Those on the Mediterranean diet can drink one glass of red wine every day, if they wish. This should be avoided by anyone who has trouble controlling their alcohol consumption or has alcoholism.
You can also drink unsweetened tea or coffee without creamer or milk added in moderation.
Avoid sugary beverages, sodas and fruit juices while on the Mediterranean diet.
Healthy Mediterranean Diet Snacks
While following the Mediterranean diet, it is recommended that you eat in moderation.
Three meals a day is more than enough for those following the Mediterranean diet if you’re making the right choices in what to put on your plate.
But if you get hungry in between, you can reach for a few healthy options for snacks:
- A handful of raw, unsalted and non-candied nuts
- A piece of fruit or apple slices with almond butter
- A handful of berries or grapes
- Baby carrots or sliced peppers with hummus
- Greek yogurt
Common Mediterranean Diet Myths
When you hear about the Mediterranean diet, thoughts of “fad” diets or crash diets might come into mind.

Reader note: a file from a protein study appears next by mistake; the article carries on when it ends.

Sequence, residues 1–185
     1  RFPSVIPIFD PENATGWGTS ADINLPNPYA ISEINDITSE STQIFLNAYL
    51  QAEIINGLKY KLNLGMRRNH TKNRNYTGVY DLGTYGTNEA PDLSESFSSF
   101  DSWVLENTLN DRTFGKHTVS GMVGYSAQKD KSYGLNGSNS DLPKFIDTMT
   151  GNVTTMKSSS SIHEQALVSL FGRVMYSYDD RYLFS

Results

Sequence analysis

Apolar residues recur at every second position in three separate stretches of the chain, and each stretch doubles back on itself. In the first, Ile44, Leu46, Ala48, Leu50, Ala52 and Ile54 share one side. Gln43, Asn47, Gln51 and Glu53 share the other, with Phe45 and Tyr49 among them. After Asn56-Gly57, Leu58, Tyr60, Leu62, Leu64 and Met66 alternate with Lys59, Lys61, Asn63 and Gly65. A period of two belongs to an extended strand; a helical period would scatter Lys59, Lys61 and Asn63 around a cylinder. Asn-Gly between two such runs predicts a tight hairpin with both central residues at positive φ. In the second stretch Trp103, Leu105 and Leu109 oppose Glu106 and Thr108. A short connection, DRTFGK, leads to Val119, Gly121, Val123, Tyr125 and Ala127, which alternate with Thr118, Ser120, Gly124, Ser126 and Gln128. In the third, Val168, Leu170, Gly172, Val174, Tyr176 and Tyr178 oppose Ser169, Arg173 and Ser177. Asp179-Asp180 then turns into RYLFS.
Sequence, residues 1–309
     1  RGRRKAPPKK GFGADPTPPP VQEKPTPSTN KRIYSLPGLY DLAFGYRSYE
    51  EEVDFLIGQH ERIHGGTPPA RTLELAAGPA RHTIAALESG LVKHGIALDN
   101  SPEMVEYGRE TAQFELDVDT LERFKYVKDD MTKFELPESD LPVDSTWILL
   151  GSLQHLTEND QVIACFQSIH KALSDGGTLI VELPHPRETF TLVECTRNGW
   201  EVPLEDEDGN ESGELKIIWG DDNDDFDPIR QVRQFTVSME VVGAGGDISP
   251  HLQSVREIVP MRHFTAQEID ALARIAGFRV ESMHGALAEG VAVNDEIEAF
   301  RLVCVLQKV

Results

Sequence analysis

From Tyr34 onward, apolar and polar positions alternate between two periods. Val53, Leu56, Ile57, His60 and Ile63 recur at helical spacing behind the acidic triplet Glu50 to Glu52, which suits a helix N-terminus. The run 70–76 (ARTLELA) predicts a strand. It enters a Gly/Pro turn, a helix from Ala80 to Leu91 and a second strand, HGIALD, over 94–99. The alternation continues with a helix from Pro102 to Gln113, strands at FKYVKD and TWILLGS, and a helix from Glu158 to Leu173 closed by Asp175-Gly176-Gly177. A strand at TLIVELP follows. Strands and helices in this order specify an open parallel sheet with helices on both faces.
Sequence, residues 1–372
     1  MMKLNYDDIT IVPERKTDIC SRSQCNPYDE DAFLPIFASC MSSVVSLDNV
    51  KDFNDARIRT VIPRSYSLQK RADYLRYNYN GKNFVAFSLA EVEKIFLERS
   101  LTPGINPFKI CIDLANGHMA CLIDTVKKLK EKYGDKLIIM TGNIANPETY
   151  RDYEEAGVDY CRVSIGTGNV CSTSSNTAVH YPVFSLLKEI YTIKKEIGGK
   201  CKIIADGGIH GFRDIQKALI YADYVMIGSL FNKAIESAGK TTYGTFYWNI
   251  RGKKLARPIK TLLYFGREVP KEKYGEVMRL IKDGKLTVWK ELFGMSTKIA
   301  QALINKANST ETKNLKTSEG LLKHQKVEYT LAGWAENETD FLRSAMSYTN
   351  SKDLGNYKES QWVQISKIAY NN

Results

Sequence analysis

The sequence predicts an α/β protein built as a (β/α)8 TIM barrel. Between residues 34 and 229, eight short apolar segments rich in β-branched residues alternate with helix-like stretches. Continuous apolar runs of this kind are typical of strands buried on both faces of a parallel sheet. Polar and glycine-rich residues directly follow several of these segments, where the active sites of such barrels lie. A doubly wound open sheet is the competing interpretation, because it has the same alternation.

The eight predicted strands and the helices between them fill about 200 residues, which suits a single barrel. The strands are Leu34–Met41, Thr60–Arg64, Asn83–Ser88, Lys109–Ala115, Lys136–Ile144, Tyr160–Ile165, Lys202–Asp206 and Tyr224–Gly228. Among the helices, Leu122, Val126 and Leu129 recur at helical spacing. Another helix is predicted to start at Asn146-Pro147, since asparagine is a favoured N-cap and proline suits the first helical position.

But the Mediterranean diet is really about healthy food choices and making significant lifestyle changes.
There are a few common myths associated with the Mediterranean diet that can lead to people avoiding the diet for no good reason or making unhealthy choices while trying to follow the diet.
- It costs too much to follow the Mediterranean diet.
- If one glass of wine is healthy, three glasses is healthier.
- I can’t eat out while on the Mediterranean diet.
- The Mediterranean diet is only about food.
1. It Costs Too Much To Follow the Mediterranean Diet
Shopping for Mediterranean diet-friendly foods shouldn’t be significantly more expensive than your current groceries are.
The cost of red meat and poultry can add up quick. Eliminating these almost entirely from your diet will decrease your grocery bill significantly.